One of the longest careers by a bandleader would have to be the one enjoyed by Jan Garber, who was sometimes billed as ‘The Idol of the Airwaves’ during his early radio days*. He was barely an adult when he led his first group and was still directing musicians nearly six decades later, almost up until his death in 1977. Not surprisingly, the kind of music he provided changed through the years, but much of it holds up well even today.
Born in Indianapolis (although sources vary) but raised in Louisville and Philadelphia, Jacob Charles Garber was trained as a violinist, and was good enough to spend time in the Philadelphia Symphony Orchestra — after first gaining some experience with his own ensemble. But the young musician eventually turned to the pop music sounds of the era, including early jazz, by forming the Garber-Davis Orchestra with pianist Milton Davis.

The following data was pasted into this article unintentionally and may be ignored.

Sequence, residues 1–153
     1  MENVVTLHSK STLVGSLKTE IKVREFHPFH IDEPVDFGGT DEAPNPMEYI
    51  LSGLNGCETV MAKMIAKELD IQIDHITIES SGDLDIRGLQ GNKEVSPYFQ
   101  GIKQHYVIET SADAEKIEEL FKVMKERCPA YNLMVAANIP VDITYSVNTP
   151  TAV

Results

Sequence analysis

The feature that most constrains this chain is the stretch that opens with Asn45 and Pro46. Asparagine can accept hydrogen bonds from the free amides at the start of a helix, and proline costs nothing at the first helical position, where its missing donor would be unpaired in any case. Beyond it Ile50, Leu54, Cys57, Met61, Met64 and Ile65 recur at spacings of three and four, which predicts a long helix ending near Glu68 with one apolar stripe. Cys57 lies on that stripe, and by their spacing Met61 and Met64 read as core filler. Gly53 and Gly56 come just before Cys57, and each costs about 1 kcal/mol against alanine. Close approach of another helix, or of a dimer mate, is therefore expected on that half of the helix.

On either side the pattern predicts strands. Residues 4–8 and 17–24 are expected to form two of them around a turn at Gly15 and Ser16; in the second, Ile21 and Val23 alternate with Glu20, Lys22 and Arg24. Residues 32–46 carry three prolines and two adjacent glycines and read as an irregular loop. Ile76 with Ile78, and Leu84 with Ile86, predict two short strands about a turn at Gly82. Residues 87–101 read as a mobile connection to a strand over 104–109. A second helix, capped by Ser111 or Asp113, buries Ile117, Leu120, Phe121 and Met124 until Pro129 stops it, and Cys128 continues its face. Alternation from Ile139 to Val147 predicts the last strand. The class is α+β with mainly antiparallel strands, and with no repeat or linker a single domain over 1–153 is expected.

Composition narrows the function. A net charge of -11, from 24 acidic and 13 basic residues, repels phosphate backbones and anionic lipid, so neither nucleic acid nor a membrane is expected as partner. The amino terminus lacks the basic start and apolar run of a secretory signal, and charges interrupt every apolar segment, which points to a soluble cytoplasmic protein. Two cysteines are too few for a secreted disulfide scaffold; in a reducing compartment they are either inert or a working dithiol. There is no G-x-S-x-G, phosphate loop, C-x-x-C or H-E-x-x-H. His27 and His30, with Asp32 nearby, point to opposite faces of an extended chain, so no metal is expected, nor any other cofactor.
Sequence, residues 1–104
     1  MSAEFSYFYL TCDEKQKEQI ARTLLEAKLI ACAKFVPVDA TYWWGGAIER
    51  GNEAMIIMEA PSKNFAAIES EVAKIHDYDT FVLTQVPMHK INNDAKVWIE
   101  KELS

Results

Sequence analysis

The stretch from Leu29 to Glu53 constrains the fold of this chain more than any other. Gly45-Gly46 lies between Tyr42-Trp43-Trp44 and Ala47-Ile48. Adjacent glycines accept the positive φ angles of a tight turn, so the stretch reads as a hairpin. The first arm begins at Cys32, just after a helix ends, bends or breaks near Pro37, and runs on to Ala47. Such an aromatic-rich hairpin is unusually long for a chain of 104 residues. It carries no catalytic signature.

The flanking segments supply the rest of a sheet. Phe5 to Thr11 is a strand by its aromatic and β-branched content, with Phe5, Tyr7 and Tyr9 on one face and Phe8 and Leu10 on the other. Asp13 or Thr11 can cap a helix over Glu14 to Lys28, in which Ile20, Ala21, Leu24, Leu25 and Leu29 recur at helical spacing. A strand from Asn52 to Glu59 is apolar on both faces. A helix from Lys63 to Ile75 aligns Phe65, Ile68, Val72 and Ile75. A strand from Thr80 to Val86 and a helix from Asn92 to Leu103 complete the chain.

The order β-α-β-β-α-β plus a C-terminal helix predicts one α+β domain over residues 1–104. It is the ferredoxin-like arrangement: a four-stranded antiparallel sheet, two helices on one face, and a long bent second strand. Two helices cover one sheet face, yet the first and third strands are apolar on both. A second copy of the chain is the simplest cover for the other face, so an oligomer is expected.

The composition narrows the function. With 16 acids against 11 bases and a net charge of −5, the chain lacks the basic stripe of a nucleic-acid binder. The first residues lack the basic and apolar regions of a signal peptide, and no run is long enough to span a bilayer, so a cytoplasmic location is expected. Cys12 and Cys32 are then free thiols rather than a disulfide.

Although the music sounds stilted and square to us now, the band built up a following on radio during the 1920s, selling a lot of records with a ‘sweet’ musical style while mixing in the occasional ‘hot’ tune. But by the mid-1930s the public’s tastes in music were changing, and Garber — who had split from Davis years before — changed to a more modern style with a newly constituted band. Although he didn’t completely leave the old standbys behind, he did begin to incorporate more and more of the newer sounds into his songbook and fans responded. By the 1940s he was leading a swing band that approached the level of the top outfits.
In the post-war years the big band era was winding down and many of the musicians were branching off into various directions. Garber was perhaps most comfortable with the softer traditional sounds he’d produced in his earlier years, and he mostly continued to go in that direction in the following decades. Although he had some inactive periods, he stayed pretty busy leading various groups on stage and making the occasional TV appearance, performing an audience-pleasing style of music. When he died, he was in his early eighties. (Again, sources vary.)
* See ‘comments’ below.